Legalize Clean Water

“Knowing ignorance is strength; ignoring knowledge is sickness.”
— Laozi

Recently, I re-posted an article on Facebook that friend Will Pitt had shared. It concerns a bill that a republican congressman has proposed to define public protesting as “terrorism.” I was not surprised when some people I know (and several I do not know) commented that this was a necessary, even good, idea. They based their thinking upon the news reports of violent protests in several cities in America.

I am reminded of something that Rubin “Hurricane” Carter used to tell me: that minds with very little to compare, find very little to understand. And I do not mean that as an insult against those who believe that the proposed federal law is a necessary and good idea ….for no rational person could make the case that violence is necessary or good. Or to excuse rioting, looting, assault, or arson, as justifiable forms of free speech or public assembly.

Yet, quite literally, each and every state in our nation has laws against rioting, looting, assault, arson, and other acts associated with public violence. There has never been a single case where a defendant has successfully avoided conviction for arson by way of Amendment 1. No defense attorney would seek to exonerate his client for looting or assault by noting it was protected by the right to riot. That simply does not happen.

In order to mistake the congressman’s intentions for valid requires the synergism of ignorance and discomfort with the acts of violence associated with “protests.” That discomfort with the violence is, in and of itself, a positive thing. Take away the ignorance, and civilized people are on the same page. Understanding who this congressman is — who he fronts for, and what his true intentions are — in no way reduces the ability to agree upon the correct way to address the problems of violent lawlessness.

Let’s take a brief look at some modern examples of government officials attempting to thwart groups and/or individuals from exercising their Amendment 1 rights, for history provides us with valuable lessons. In the 1960s, Rev. Martin Luther King, Jr., helped to change the fabric of our society with nonviolent protests. Perhaps most famously in Birmingham, King led marches and organized boycotts; these resulted in “economic damage” to targeted businesses. Various corporate-government attempts were made to stop King’s marches and boycotts. Eventually, the corporate-government forces secured a federal court injunction, that denied King et al the right to march. The King effort continued.

As a result, King was charged with violating a court order in the case Walker v. City of Birmingham, 388 U.S. 307 (1967). In the years between when it started in April of 1963, to it being decided by the US Supreme Court in June of 1967, King would continue to lead non-violent protests. This included the August ‘63 March on Washington, where he delivered his historic “I Have a Dream” speech. It may seem hard to believe today, a half-century later, but at the time, many elected representatives considered that event “threatening.”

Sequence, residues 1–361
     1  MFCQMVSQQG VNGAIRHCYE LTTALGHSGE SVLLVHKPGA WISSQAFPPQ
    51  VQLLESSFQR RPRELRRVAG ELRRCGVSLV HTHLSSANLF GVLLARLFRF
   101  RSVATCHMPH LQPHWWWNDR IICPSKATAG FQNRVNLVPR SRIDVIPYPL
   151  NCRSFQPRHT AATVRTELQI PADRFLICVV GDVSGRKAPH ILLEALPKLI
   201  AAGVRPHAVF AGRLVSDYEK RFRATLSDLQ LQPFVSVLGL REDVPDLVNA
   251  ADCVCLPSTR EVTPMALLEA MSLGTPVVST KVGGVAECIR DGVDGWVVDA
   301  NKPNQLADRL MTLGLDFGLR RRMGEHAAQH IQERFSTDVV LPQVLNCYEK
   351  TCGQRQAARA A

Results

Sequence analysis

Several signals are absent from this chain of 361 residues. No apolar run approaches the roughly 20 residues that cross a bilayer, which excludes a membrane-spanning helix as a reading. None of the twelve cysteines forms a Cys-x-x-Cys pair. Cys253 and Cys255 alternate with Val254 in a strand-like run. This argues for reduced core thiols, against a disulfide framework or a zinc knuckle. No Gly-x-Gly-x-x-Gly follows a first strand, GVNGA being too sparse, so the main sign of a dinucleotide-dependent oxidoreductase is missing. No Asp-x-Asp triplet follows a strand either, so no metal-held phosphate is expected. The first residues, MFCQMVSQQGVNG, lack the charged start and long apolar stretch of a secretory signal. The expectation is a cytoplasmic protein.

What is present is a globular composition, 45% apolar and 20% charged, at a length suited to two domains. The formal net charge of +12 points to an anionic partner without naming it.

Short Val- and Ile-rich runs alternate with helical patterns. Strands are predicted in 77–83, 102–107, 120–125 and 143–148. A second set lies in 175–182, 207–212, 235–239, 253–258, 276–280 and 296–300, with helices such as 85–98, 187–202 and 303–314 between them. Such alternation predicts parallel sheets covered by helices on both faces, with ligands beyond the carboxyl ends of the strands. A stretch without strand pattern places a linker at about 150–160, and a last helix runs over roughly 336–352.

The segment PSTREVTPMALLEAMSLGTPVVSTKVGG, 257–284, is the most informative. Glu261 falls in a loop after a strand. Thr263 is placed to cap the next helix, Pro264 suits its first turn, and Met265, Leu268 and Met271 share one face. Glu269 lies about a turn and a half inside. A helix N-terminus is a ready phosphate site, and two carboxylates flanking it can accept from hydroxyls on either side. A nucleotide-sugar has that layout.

In late 1967, King began planning another protest in DC, which he called the “Poor People’s Campaign.” The plan was rooted in an earlier “poor people’s campaign” that took place in 1894, led by Jacob Coxey. While Coxey was jailed when he reached Washington, DC, in 1968, Senator Robert Byrd proposed that the federal government incarcerate King pre-emotively, to prevent him from exercising his Amendment 1 rights.

In the summer of 1968, protests outside the democratic national convention became violent. A federal investigation that followed concluded that the violence was the result of a “police riot,” and not caused by the protesters. However, others in the government decided to prosecute eight civil rights and anti-war leaders; this case was originally known as the Chicago Eight, and later as the Chicago Seven. All of the convictions that resulted were quickly overturned in federal court. Looking back today, it is clear that the intent of the prosecution was to harass and intimidate citizens.

In recent times, energy corporations have attempted to harass and intimidate citizens who oppose fracking and pipelines. The best example of this is friend Vera Scroggins in Pennsylvania. Vera is a wise and peaceful lady, and thus has been the target of the gas companies’ harassment and attempted intimidation. Their harassment has created financial hardship, but Vera has yet to be intimidated.

The congressman that introduced the latest proposed legislation is a lap dog for the energy corporations. His bill is aimed primarily at pro-environment citizens, specifically those who are standing with the Standing Rock Sioux, in opposition to the DAPL pipeline. But he is not the only poodle cuddling up on the energy industry’s lap. Nor are the republicans alone in their dependency on the industry’s dollars. The democratic party’s “leadership” is just as bad.

The people at Standing Rock — the Sioux Water Protectors and their supporters — are engaged in a 100% non-violent protest. Literally all of the growing violence there is being committed by the police and the mercenaries hired by the energy corporation. Yet, the opposition to the DAPL, and the grass roots support for the Sioux, continues to grow. This is why the congressman has proposed a bill to identify them as “terrorists.”

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